The job market today is tighter than it’s been in two decades, and the IT talent shortage is intensifying. Organizations are having more trouble than ever hiring IT professionals with security experience — and candidates are turning down new positions left and right.

The typical scenario: A candidate submits a resume and references, sits through interview after interview — and then waits for an offer letter. Before long, he or she begins to wonder whether the job is the right fit. Then, when the job offer finally arrives, the candidate decides to pass.

The problem: The hiring process is impersonal. With so many competitors vying for scarce talent, employers must make hiring more consultative.

Size Matters When Hiring IT Professionals

“Working at a startup, the process is very personal,” said Ben Gregg, talent manager at mobile telematics firm TrueMotion. “In fact, it’s very rare for me to ever make an offer and have it turned down.”

This intimacy tends to diminish once companies start to grow, however. Larger organizations often feel the need to set up checks and balances, which typically involves a system for getting things approved.

“If it’s not done well and there are multiple stages of approvers — hiring manager, HR [human resources] approver, business unit approver, finance approver — and only one approver designated for each stage, the process can get bogged down,” Gregg said.

Consider the impact on timing that would result from just one of those people dropping the ball. Even worse, think about those larger organizations in which the CEO has to approve all hires. The process can become painfully slow for all parties involved — particularly for companies that have established specific days of the week for handling hiring approvals.

In some organizations, an approval request can only find its way onto the list if it is submitted by a specific day. For example, hiring managers who miss a Friday deadline for a Wednesday approval must then wait an additional week before the request gets on the list, pushing the offer date off by nearly two weeks.

Getting the approval needed to even present the offer can sometimes take up to six signatures — far too long a wait for candidates that are in high demand. A multistage approval process will inevitably have roadblocks.

“It’s crazy,” said Deidre Diamond, founder and CEO of CyberSN, a cybersecurity staffing agency. “It can be something like the CEO is on vacation or the company needs to do an audit, so that puts everything on hold.”

Meanwhile, the candidate has been ready to go for two weeks.

How Can Hiring Managers Personalize the Recruitment Process?

Whether it’s a new reality driven by a workforce largely populated by millennials or a function of changes in social norms, candidates don’t want to sit through a grueling interview process in which they regurgitate the same work experiences they have detailed on their resumes.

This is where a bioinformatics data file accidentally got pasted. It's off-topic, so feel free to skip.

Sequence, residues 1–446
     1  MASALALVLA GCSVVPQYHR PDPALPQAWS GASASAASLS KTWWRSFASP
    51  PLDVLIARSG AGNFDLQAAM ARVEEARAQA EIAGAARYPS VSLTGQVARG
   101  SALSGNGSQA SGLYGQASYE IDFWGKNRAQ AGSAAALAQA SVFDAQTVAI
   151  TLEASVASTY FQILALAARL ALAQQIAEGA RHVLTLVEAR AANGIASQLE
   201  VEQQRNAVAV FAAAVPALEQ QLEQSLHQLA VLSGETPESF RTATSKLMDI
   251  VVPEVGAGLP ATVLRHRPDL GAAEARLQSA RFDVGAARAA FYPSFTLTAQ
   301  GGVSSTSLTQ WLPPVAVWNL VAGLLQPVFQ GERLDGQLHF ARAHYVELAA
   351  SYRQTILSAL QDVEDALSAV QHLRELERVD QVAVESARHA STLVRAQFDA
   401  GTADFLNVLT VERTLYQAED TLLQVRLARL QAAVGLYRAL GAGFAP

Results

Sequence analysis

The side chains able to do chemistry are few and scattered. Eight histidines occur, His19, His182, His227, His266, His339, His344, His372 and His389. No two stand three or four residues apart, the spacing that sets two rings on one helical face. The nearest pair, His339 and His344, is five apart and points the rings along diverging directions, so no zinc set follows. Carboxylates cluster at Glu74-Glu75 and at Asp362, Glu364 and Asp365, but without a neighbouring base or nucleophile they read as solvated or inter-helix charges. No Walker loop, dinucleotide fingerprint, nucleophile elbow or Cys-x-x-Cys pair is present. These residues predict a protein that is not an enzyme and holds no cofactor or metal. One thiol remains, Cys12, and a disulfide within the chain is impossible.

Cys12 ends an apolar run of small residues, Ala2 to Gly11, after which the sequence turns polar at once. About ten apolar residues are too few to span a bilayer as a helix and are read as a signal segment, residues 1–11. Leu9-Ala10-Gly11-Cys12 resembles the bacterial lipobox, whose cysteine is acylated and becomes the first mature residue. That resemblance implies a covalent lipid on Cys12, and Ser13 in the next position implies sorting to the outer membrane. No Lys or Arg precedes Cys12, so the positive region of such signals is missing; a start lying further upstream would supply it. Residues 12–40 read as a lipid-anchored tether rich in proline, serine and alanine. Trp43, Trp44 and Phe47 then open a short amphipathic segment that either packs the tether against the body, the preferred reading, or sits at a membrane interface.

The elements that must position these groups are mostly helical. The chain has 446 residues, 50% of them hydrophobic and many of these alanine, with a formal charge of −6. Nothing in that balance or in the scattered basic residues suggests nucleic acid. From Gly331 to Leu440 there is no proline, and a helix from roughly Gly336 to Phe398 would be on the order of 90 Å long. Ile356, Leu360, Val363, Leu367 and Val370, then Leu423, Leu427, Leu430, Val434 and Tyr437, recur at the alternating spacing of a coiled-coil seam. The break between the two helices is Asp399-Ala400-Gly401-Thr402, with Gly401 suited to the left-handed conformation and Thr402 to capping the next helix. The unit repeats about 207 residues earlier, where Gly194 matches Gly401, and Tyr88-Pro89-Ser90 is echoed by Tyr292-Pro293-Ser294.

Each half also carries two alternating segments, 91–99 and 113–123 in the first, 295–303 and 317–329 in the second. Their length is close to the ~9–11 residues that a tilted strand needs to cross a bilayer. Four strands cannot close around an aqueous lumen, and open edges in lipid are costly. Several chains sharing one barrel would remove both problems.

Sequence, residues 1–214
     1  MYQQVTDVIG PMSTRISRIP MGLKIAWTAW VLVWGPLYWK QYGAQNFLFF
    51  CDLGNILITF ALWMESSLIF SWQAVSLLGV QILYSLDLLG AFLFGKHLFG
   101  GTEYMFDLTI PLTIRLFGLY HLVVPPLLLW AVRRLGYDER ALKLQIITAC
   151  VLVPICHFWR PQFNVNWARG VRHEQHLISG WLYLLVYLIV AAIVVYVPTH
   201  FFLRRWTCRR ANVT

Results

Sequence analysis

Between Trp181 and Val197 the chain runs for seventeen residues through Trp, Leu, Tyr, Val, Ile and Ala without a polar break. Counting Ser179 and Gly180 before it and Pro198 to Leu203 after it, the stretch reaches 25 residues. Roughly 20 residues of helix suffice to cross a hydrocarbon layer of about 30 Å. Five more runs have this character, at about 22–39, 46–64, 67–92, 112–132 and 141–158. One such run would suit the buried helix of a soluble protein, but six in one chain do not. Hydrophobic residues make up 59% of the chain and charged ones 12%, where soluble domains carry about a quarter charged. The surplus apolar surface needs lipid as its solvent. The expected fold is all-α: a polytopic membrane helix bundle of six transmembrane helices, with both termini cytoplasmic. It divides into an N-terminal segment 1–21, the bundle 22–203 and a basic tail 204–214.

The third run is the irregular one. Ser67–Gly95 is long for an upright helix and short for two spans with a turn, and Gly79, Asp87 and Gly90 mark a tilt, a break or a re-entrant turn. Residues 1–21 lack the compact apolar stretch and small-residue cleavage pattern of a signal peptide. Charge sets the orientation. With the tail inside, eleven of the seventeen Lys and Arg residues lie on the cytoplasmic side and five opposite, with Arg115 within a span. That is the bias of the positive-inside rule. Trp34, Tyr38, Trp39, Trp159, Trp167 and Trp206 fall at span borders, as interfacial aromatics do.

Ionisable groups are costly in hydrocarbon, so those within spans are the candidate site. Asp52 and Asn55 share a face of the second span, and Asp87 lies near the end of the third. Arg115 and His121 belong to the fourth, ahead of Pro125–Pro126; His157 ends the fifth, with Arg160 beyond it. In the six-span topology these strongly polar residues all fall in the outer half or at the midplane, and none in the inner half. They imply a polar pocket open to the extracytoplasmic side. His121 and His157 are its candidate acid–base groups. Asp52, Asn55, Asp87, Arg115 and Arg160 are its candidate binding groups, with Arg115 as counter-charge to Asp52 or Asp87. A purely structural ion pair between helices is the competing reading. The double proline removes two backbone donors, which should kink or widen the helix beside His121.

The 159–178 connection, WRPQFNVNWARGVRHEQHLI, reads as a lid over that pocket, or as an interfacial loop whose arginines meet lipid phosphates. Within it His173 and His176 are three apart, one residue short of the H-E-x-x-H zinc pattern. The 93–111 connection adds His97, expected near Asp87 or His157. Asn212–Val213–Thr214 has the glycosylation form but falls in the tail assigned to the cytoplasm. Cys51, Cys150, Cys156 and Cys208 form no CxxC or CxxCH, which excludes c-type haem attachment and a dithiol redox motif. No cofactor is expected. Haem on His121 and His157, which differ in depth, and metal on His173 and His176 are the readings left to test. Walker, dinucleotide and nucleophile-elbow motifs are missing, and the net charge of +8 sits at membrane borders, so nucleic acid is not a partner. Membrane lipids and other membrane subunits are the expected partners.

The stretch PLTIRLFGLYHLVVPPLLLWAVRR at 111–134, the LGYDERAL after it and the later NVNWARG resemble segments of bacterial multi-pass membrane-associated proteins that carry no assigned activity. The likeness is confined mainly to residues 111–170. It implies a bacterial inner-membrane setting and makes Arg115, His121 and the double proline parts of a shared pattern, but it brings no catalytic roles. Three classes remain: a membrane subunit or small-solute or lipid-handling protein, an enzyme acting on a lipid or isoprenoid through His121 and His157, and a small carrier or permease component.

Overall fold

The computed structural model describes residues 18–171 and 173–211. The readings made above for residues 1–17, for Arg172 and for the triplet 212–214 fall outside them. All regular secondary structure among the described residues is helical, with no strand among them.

“Candidates want to know the vision of the company and the team, yet those are the two things that hiring managers leave out all the time,” Diamond said. “The company that wins is the one that delivers the candidate the greatest understanding of what they are doing every day, what everyone else is doing and how it all leads to an overall plan.”

Short of knowing where they fit into the vision of the company, most interviewees aren’t tremendously motivated to leave their current positions and risk walking into chaos. Instead, they are using the interview process to vet companies. Therefore, companies must create what Diamond called a “crystal ball” — where candidates can envision what they are doing, what the team is doing and what the company is doing.

The hiring organizations that wait until the offer letter is on the table to paint that picture will likely have a slim chance of closing the deal. In today’s market, according to Nick Cromydas, co-founder of recruiting platform Hunt Club, companies looking to hire are fighting a war over great people.

“It’s about building relationships first as opposed to treating the hiring process as a transaction,” Cromydas said. “The very first conversation should be getting to know the person who might be joining the team — asking questions about their career ambitions, not their work experience.”

Time Is Not on Your Side

It takes time to properly communicate what the company is offering, yet Diamond and Cromydas agreed that time is the greatest obstacle to getting the job offer right. Most organizations don’t look at the big picture of the process because they have neither the bandwidth nor exceptional managers who prioritize the process.

“It’s hard to break away and do it right unless it is a priority, which happens when you have the right talent acquisition leaders,” Cromydas said. “What people have been doing needs to be radically rethought and reformed for success in tomorrow’s world.”

The process is broken.

Instead of having five people asking questions that are all over the map, Diamond stressed that hiring managers need to understand what they should communicate about the company collectively.

Consider the following questions for your communication strategy:

  • What story is your company selling?
  • Is it a true story?
  • How does each person involved in the process contribute to telling this story?

This is all the upfront work that takes time, which is one resource that many organizations don’t have.

Hiring managers must start to see the interview and recruitment process as a sales opportunity. This shift means everybody — from the C-suite to the HR department — has to be on the same page.

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